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Thread: Cool gadgets you can't get in the U.S. yet

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    Elite Member Moongirl's Avatar
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    Default Cool gadgets you can't get in the U.S. yet

    10 Cool Gadgets You Can't Get Here -- Yet - MSN Tech & Gadgets - Slide Shows - Products - 1


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    It's true: The coolest gadgets often debut overseas -- usually in Asia. Some are cell phones that double as music players or TVs. Others are supersmall yet powerful notebooks or handheld PCs. And some are just weird, like the world's most disturbing piggy bank.

    Luckily (in some cases, anyway), you may not be totally shut out when it comes to procuring one. Though these devices aren't officially for sale in North America, some are available from gray-market importers such as Dynamism.com, or on eBay. Just make sure that you can obtain a service plan to support what you buy, if appropriate.



    Screen Gem -- Panasonic Viera P905i
    Think of it as the world's smallest "big-screen" TV. Panasonic's Viera Ketai handset boasts a 3-inch screen with a contrast ratio of 2000:1 -- comparable to that of many full-size LCDs, along with powerful image processing and a tuner for Japan's 1seg ("one seg") mobile broadcasting service. You can use it as a standard vertical flip phone to make calls, or turn it 90 degrees and flip the screen open horizontally to watch TV and play 3D games. High-speed broadband, GPS tracking and a 5-megapixel camera complete the package.

    Availability: Japan only; distributed by NTT DoCoMo.



    Run, Baby, Run -- Raon Everun UMPC
    The diminutive Raon -- 7 inches long and just over a pound in weight -- is for travelers who want their laptop to feel not much heavier than a densely woven doily. This Windows XP-based handheld sports a full QWERTY keyboard, a 4.8-inch touch-screen that can shift between portrait and landscape modes, and your choice of either a standard 60GB hard drive or 6GB of energy-saving solid-state storage. Integrated Wi-Fi lets you log onto the Internet; a docking station, a car mount and an external keyboard are optional. This ultramobile PC (UMPC) earns its name with a battery life rated by the maker at seven hours for the standard battery and 12 hours for a larger, enhanced unit.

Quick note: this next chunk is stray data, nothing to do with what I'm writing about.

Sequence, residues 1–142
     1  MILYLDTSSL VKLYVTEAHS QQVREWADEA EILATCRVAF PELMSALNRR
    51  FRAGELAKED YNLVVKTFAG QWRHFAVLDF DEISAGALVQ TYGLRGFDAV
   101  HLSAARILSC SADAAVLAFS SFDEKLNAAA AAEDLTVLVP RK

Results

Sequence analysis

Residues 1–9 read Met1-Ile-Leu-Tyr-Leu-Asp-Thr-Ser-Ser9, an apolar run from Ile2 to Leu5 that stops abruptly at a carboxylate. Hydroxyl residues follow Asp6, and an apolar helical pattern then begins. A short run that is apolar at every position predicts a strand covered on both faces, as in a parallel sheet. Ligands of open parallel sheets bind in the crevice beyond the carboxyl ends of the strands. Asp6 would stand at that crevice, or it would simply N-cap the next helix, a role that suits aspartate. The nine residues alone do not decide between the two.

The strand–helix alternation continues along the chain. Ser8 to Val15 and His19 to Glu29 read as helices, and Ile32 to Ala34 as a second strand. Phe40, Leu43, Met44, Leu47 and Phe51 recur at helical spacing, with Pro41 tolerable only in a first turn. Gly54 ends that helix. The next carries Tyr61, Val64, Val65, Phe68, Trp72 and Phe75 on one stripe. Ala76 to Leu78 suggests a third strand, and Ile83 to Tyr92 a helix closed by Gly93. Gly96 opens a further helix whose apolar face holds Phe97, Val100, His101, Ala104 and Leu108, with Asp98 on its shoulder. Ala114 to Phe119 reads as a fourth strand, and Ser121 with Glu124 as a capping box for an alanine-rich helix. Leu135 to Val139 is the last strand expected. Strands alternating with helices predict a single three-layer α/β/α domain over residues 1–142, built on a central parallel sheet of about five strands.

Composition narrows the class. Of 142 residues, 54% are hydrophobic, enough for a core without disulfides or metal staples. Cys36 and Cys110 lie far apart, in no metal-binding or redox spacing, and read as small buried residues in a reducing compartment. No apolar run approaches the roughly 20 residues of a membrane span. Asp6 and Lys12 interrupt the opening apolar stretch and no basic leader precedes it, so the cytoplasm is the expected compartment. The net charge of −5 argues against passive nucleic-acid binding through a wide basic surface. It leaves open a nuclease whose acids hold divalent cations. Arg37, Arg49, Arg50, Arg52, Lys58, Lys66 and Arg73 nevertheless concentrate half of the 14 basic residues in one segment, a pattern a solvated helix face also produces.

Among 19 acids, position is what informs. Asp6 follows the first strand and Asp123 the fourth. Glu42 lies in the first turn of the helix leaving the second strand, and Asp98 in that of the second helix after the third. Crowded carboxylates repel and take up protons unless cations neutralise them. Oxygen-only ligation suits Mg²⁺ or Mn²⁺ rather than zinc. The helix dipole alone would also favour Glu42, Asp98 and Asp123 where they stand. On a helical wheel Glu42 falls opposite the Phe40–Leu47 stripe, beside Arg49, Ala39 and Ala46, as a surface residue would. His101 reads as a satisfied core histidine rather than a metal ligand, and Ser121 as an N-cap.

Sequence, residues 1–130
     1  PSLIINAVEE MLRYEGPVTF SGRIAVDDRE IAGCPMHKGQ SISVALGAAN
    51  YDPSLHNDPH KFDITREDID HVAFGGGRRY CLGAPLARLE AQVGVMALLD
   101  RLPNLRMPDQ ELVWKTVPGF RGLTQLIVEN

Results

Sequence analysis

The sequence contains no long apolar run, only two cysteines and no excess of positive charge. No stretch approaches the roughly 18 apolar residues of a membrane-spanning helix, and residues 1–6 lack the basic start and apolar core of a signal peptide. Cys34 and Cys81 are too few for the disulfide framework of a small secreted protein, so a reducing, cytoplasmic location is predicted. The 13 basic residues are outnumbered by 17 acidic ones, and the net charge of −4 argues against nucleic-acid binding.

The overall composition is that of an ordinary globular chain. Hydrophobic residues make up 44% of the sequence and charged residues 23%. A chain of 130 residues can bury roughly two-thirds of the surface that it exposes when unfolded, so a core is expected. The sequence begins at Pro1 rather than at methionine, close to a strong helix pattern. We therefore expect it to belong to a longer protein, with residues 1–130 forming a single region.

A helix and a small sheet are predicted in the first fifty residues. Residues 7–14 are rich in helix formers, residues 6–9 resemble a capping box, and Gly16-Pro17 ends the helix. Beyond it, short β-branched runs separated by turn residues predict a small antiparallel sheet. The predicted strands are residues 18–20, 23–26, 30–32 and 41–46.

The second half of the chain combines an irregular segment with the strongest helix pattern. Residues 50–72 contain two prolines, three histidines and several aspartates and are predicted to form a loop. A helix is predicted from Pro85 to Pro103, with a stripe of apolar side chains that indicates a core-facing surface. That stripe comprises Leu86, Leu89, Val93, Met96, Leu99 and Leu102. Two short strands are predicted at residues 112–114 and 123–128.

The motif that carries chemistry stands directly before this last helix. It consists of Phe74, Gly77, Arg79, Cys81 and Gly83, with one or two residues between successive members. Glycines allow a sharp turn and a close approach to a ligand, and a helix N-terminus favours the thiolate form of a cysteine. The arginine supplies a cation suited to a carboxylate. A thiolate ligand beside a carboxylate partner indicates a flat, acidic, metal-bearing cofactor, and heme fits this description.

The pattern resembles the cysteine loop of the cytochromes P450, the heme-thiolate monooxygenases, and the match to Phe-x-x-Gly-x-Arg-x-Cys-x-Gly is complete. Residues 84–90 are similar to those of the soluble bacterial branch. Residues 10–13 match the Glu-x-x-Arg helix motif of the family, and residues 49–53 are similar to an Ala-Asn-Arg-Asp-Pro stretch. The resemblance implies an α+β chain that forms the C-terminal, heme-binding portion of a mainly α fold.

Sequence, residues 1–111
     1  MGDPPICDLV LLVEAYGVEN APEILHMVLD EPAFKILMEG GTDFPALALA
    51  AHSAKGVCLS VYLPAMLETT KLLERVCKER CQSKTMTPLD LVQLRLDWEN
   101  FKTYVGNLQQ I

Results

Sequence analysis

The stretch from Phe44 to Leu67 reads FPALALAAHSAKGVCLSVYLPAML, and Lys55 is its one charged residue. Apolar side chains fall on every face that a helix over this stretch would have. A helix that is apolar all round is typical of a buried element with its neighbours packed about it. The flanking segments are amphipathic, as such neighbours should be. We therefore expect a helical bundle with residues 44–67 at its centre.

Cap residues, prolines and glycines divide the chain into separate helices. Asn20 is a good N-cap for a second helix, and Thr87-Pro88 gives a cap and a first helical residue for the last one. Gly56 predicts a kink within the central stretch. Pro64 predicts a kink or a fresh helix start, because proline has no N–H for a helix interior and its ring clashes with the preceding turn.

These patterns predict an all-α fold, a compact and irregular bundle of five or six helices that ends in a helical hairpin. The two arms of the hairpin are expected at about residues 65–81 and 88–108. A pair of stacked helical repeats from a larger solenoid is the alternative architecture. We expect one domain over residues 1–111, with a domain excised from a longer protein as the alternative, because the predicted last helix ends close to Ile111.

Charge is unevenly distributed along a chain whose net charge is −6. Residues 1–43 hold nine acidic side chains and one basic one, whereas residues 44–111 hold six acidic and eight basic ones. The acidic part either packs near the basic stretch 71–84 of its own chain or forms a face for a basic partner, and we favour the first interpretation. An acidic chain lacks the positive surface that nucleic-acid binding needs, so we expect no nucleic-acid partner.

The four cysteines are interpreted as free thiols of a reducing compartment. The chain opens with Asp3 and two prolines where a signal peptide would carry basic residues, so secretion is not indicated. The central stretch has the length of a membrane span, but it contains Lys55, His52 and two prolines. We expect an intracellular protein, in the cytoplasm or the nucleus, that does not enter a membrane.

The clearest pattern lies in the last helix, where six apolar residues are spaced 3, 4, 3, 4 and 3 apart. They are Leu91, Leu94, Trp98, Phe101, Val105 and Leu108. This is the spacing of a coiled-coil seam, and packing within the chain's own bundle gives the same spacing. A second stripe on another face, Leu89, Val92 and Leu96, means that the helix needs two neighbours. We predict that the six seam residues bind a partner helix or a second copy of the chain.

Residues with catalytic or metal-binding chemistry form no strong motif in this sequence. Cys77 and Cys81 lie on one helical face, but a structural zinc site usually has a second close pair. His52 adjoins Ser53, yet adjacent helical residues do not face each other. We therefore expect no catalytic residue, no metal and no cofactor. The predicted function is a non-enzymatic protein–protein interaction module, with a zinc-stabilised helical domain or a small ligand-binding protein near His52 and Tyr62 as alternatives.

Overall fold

Availability: South Korea (but at least the enhanced battery should last through the long flight back to the States).



    Soul Proprietor -- Samsung 'Soul' SGH U900
    Samsung's sleek new cell phone is thin and rich: The 13mm-thick handset includes a 5-megapixel camera with 4X digital zoom, image stabilization and face detection, plus support for blazingly fast 7.2-mbps data connections. But the real innovation here is the interface: This slider phone offers both a numeric keypad and a touch-screen that vibrates when you press it; meanwhile, the Soul's Thematic user interface displays only the icons relevant to the task at hand.

    Availability: Europe, starting this month.



    Bot's All, Folks -- Toshiba ApriPoko Robot
    As if you needed another reason never to leave the couch. This 11-inch-tall robot -- which looks like the love child of a bird Pokemon and the Pillsbury Doughboy -- is actually a voice-activated remote control that incorporates artificial intelligence. If you pick up your TV's remote and start pressing buttons, ApriPoko will ask what you're doing and then memorize the IR codes associated with your actions. The next time around, you can just say, "Turn on the TV" and ApriPoko will take matters from there. That's the theory, anyway.

    Availability: As yet, ApriPoko is nesting in Toshiba's research labs, awaiting its first solo flight.



    Sleek, Not Meek -- Sony VAIO G2
    This superthin notebook breaks the 2-pound barrier with virtually no compromises, thanks to its durable yet lightweight carbon-fiber casing. Its 12-inch screen and full keyboard mean that you won't be forced to squint or engage in two-finger typing. You can choose a 100GB hard drive or a 64GB solid-state drive (SSD). Because they have no moving parts, SSDs are faster, quieter and more power-efficient (though also much pricier, at least so far). If you and your flight attendant muff a drink exchange, spilling club soda on the drip-proof keyboard, the G2 shuts down automatically before anything gets fried.

    Availability: Japan (and on Dynamism.com).



    Drip Insurance -- Fujitsu F705i
    At last, there's a 3G cell phone that you can drop into the pool without taking a financial bath. Fujitsu's F705i is the slimmest, most sophisticated waterproof phone on the market -- you can even wash its keypad with water. But the cool features don't stop at the marge of Lake Lebarge. Eight levels of zoom simplify reading e-mail in different lighting conditions, and the F705i's "super clear voice" feature automatically adjusts the volume of incoming calls to a comfortable and audible level based on the amount of ambient noise.

    Availability: Japan only; distributed by NTT DoCoMo.




    The Sounds of Silence -- NEC ValueStar W